The Northern Lights Will Be Visible In British Skies Tonight

Witnessing the Northern Lights (also known as the Aurora Borealis) is on many people's bucket lists, but it's also a severely expensive one. And after shelling out all that money to get the northernmost parts of Norway, Finland, Sweden, Iceland or Canada, there's no actual guarantee the visibility will be good enough to actually see them.


However, there is a cheaper way to - maybe - see them, which is right here in the UK tonight. That's because a giant solar flare is due to hit the Earth's atmosphere this evening.

It was only back in November that they were last visible over here - thanks to a cosmic wind that time - so if you missed that, then here's another chance.

AuroaBorealis, viewed from Iceland. Credit: PA

According to the US National Oceanic and Atmospheric Administration (NOAA), the Aurora Borealis will be visible because of a coronal mass ejection (or CME) reaching our planet.

More commonly known as a solar flare, a CME is a release of plasma that hits the Earth's magnetic field, causing the vast green belt that is the Northern Lights to shimmer in the night sky.

Of course, it's not as simple as stepping out onto the road or into your back garden. To have the best chance of seeing them, you should ideally be in northern Ireland or Scotland.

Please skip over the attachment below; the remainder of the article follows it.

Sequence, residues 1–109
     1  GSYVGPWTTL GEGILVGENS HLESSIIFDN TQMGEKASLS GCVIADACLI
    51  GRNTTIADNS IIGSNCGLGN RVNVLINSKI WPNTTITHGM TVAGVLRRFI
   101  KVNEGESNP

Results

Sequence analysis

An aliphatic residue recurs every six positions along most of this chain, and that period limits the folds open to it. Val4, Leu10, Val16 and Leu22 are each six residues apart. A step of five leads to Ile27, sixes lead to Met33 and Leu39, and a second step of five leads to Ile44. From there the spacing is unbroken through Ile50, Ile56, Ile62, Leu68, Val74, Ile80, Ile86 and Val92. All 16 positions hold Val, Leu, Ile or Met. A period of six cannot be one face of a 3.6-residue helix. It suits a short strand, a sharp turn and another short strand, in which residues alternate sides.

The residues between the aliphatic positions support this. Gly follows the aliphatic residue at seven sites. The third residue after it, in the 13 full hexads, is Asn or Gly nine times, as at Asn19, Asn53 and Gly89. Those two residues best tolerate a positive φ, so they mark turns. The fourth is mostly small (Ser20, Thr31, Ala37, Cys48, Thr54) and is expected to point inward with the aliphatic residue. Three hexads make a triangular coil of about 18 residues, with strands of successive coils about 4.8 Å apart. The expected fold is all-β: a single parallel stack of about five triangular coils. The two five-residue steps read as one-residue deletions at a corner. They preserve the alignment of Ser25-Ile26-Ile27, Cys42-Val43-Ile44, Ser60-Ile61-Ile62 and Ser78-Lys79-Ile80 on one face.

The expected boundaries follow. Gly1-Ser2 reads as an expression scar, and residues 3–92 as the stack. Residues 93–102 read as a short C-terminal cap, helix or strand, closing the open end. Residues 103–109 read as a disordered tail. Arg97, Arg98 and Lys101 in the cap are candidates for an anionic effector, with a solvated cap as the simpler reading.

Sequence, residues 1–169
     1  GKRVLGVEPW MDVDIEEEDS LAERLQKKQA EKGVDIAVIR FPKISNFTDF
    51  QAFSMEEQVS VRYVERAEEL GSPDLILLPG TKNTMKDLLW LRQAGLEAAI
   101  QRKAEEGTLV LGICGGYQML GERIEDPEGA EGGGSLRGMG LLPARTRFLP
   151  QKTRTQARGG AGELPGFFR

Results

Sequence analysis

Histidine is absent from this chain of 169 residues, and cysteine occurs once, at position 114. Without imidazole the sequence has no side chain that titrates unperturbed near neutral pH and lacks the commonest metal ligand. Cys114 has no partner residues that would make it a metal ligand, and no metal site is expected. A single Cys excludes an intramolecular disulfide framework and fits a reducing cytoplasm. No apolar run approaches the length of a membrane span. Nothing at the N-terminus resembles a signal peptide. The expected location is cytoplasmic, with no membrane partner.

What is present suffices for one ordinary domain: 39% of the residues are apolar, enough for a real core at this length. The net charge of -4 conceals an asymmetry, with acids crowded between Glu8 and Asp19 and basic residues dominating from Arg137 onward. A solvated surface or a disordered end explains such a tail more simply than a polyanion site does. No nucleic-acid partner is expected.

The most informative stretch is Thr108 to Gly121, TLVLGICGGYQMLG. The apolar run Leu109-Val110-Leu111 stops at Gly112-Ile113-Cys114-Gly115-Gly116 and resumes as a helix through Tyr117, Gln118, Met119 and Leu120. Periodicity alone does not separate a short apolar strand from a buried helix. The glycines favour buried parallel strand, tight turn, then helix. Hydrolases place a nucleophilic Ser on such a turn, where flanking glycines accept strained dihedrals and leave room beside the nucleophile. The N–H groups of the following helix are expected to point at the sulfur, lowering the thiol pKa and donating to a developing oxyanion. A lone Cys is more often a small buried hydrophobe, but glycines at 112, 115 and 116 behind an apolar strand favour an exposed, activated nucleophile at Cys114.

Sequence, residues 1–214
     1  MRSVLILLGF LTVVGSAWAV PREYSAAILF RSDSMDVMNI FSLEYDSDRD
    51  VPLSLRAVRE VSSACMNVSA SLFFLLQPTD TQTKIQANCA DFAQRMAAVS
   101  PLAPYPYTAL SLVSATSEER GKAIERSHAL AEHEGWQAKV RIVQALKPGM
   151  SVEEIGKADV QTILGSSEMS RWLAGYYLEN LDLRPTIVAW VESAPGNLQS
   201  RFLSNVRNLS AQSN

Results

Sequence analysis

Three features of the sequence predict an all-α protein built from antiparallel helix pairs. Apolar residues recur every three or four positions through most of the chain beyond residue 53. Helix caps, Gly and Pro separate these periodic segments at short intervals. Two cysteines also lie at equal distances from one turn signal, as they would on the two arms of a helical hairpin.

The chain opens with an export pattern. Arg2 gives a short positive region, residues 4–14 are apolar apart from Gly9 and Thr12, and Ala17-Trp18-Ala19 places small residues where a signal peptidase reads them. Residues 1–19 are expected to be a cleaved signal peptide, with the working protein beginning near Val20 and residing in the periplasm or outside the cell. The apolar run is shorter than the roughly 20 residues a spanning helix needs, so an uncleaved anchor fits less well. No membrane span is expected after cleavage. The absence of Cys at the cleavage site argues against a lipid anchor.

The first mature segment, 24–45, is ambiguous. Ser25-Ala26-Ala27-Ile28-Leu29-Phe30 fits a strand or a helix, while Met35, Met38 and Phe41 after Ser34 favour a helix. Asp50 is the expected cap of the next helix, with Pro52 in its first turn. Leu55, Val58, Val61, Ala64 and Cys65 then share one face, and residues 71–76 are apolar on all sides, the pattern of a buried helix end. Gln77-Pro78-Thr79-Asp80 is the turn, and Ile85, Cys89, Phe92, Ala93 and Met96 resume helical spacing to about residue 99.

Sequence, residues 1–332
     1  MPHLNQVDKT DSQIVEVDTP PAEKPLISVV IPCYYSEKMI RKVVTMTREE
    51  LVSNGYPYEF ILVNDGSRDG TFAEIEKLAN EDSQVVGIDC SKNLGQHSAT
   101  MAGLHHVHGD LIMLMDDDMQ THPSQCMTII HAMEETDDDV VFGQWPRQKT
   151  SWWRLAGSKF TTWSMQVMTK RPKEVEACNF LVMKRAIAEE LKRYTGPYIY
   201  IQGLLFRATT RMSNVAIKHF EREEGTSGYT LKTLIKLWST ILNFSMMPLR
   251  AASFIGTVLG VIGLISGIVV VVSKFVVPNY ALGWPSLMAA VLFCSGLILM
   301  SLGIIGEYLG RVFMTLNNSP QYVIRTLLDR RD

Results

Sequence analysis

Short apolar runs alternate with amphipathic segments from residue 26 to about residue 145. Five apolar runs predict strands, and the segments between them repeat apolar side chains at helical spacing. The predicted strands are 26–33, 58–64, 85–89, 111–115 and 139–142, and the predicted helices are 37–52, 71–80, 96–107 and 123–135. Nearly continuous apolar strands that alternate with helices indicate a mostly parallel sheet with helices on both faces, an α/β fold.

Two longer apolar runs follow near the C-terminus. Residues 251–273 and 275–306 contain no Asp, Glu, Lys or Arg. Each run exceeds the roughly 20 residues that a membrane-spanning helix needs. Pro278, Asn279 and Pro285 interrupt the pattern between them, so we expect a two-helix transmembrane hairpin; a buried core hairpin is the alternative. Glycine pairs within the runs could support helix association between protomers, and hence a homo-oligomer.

Whether you can make it there or not, you should also be somewhere with as little light pollution as possible - so get out of town and city centres and away from streetlights.

The best time to see them is going to be between 9pm and 6am, which is a very big window, although it's probably not advisable to stay up that late to watch them if you have work tomorrow.

At the same time, this is one of the greatest natural phenomenons in the whole word, so while we can't condone skipping work in the morning to watch it, this is a pretty spectacular affair.


After all, you might get hit by a car on your way to work and then you'd have totally missed out on seeing the Northern Lights for absolutely nothing.

If, that is, they're at all visible. But just in case they are, we know what we're going to do

Source: ladbible

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